I spent all weekend at the Festival of Books. Last year it was the 6th largest book festival in the country, and this year even more people attended. Writers of every stripe were present, and there were 26 tracks of programming, plus a separate children’s program. A number of respected poets spoke and read from their work, but I confess, I didn’t attend any of their presentations.
So instead of writing about something I saw at the festival, I’ll be writing about Kabir, a 15th century mystic whose verses often preached tolerance between the Hindu and Muslim communities. Apparently he wasn’t all about religion, though.
Give up erotic games, Kabir,/let longing flood your heart./Only through tears of longing/can you glimpse the face of the beloved.
This can be read as an admonition to give up the pleasures of the flesh in favor of the devine, but I prefer a more earthy interpretation, especially in light of the next poem.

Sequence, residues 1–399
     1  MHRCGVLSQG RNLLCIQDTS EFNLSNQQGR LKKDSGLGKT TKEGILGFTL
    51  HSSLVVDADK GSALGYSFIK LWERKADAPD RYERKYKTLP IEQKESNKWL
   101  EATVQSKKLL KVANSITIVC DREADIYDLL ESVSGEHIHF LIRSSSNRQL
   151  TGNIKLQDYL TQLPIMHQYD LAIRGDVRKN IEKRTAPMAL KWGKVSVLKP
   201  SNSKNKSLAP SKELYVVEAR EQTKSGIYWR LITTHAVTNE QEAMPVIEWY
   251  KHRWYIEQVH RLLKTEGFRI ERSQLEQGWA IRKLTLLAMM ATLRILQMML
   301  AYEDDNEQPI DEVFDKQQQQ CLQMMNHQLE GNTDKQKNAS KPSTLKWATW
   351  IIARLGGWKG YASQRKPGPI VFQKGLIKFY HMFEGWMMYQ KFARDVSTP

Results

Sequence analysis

Sometimes, everywhere I look,/O my love, I see your face./With you ever present,/how could I close my eyes to anything?
Six hundred years ago these poems described what traditional (as opposed to erotic) romance does so well. While gratification is delayed the characters allow a deeper attachment to form. Sexual tension drives the development of most traditional romances, and it’s only resolved fully when the protagonists really see, accept, and love each other. This longing and transformation are the essence of modern traditional romance.
Love makes us see not only the beloved, but ourselves and the world differently. Kabir managaed to say it in only 46 words.